This post is part of the Pathways to Peace Seminar Series. Registration for Yemen: The Forgotten People is now open.
‘Yemenis are not starving, they are actively being starved first by their own warmonger leaders, and second by the foreign states which feed this war with weapons and ammunition and allow the blockade of food and fuel’
Since uprisings began in Yemen in 2011, the UN has been actively engaged in helping find a peaceful solution to the conflict. The 2011 uprisings led to the formal departure of Saleh, and his replacement by his former Vice President Hadi. During the transition period between 2012 and 2014, the Huthi movement allied with their former enemy Saleh and began to take control of areas further south of their stronghold. After a brief stopover in the temporary capital Aden, Hadi took refuge in Saudi Arabia.
In March 2015, the conflict escalated with the Saudi-led collation starting aerial attacks on Yemen turning the civil war into an international conflict with 40,000 causalities more than 2,500 of which are children and 1,900 are women. In 2015, two rounds of peace talks were convened in Switzerland and in April of 2016, a temporary cessation of hostilities came into effect. The UN continues to promote the adoption of a durable cessation of hostilities.
Where does the UK fit in?
While being one of the biggest aid and relief ‘ donors’ to Yemen, the UK has also agreed weapons sales worth 3.3 billion to Saudi Arabia and there is evidence that the cluster bombs dropped in civilian areas of Yemen were of British manufacture. While there has been increasing discomfort in parliament and beyond, the May government is unlikely to stop weapons sales to allies who are expected to save the British economy from recession.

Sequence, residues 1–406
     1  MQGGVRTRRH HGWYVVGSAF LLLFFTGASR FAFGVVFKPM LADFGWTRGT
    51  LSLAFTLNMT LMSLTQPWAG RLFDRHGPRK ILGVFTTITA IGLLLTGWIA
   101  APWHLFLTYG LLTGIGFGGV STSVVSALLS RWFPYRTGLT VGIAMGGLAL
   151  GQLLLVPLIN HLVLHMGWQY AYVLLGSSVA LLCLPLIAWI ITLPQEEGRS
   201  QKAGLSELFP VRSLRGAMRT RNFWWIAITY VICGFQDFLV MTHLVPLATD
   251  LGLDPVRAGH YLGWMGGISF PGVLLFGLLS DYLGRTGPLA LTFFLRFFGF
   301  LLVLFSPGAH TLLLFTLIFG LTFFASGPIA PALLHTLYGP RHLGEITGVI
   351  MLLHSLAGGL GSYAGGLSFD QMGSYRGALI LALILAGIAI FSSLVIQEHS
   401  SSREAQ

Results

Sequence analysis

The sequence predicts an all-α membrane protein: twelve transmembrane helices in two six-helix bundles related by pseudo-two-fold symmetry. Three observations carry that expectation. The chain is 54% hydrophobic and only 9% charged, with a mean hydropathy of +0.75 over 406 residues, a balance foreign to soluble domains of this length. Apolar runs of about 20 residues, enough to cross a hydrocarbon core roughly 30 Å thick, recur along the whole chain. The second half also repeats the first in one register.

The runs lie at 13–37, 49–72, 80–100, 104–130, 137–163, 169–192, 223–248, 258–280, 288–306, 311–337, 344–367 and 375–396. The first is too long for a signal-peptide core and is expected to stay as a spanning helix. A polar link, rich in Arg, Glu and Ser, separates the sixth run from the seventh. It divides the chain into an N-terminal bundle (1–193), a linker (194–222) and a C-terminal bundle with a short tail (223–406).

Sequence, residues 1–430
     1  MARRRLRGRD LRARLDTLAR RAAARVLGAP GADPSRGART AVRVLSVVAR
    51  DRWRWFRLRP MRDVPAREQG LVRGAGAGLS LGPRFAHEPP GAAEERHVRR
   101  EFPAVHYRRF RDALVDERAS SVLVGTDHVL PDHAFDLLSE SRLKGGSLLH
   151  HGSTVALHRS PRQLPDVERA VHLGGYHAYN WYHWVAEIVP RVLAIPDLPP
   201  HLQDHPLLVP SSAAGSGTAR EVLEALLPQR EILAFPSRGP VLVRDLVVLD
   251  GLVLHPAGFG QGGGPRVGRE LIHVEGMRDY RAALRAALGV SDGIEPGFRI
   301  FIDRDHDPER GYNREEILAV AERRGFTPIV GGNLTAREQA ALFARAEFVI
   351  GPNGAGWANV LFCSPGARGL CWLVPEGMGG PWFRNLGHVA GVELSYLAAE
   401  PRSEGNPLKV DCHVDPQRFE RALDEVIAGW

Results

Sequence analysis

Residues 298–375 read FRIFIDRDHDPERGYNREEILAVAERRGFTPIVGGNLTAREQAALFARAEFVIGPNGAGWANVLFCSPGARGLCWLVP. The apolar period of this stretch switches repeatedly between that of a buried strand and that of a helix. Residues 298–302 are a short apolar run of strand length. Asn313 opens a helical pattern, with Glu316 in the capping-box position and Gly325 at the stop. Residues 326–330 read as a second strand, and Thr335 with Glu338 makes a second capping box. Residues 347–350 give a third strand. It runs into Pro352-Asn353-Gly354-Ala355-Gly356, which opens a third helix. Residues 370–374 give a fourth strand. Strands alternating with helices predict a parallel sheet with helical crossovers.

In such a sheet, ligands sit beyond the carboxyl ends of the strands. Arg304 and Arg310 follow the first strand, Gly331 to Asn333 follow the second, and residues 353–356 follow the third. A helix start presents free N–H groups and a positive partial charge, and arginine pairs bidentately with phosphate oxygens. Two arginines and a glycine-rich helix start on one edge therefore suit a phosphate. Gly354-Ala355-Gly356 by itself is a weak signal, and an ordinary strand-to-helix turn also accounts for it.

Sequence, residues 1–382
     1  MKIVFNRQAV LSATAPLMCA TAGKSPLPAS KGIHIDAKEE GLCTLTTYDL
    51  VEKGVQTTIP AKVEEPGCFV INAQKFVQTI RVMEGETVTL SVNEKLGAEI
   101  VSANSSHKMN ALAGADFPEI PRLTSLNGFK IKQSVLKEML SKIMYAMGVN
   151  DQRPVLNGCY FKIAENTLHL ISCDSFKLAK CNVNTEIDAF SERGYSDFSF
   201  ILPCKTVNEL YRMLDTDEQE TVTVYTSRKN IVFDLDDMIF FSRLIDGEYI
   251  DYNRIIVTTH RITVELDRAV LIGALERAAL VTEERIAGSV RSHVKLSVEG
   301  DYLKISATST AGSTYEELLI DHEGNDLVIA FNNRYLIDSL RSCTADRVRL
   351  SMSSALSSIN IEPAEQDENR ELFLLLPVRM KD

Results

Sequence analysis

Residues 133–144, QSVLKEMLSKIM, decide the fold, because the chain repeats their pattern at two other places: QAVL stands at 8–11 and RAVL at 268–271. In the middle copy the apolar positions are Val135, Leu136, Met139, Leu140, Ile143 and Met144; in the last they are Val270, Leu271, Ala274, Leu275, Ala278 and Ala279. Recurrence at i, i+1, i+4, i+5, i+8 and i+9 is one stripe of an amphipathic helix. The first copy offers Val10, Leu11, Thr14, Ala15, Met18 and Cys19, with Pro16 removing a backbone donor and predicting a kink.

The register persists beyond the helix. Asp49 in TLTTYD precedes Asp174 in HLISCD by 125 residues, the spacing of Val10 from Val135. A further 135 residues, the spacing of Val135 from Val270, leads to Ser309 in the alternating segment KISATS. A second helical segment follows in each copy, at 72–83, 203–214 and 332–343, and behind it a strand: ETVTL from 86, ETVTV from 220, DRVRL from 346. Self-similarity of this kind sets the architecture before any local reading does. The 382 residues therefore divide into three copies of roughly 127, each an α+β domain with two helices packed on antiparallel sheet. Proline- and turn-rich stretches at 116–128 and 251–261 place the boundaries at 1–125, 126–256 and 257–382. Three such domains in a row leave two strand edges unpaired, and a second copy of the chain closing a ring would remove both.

Yemen was already the poorest country in the Middle East when the conflict escalated and it was already facing a humanitarian crisis stemming from many years of poverty and instability.
An estimated 14 million people are food insecure and the coming famine will have serious consequences with people in some areas of Yemen already dying from starvation.
Water, sanitation, and hygiene
An estimated 14.4 million people require assistance to ensure access to safe drinking water and sanitation, including 8.2 million who are in acute need. This represents an increase of 8 per cent since late 2014, and the severity of needs has intensified.
An estimated 14.8 million people lack access to basic healthcare, including 8.8 million living in severely under-served areas. Medical materials are in chronically short supply, and only 45 per cent of health facilities are functioning. As of October 2016, at least 274 health facilities had been damaged or destroyed in the conflict, 13 health workers had been killed and 31 injured.
About 3.3 million children and pregnant or lactating women are acutely malnourished, including 462,000 children under 5 suffering from severe acute malnutrition. This represents a 63 per cent increase since late 2015 and threatens the lives and life-long prospects of those affected.
Shelter and essential items
An estimated 4.5 million people need emergency shelter or essential household items, including IDPs, host communities and initial returnees. Ongoing conflict-related displacements, as well as initial returns to some areas, are driving these needs.
About 2 million school-age children are out of school and need support to fulfil their right to education. More than 1,600 schools are currently unfit for use due to conflict-related damage, hosting of IDPs, or occupation by armed groups.
Livelihoods and community resilience
An estimated 8 million Yemenis have lost their livelihoods or are living in communities with minimal to no basic services. Communities require support to promote resilience, including clearance of landmines and other explosives in up to 15 governorates.
The UN appeals for USD 2.1 billion for humanitarian work in Yemen this year to help alleviate some of these consequences.
Want to find out more?
If you would like to find out more about the conflict in Yemen, UN House Scotland is organising a conference on Yemen on Thursday May 18th which will include a film screening highlighting the use of US/UK weapons in the conflict, a series of speakers followed by a Q&A and a photography exhibition.
Register for this event.
 See Open Democracy (26 March 2017) The war in Yemen: two years old and maturing?
Images courtesy of Thana Faroq.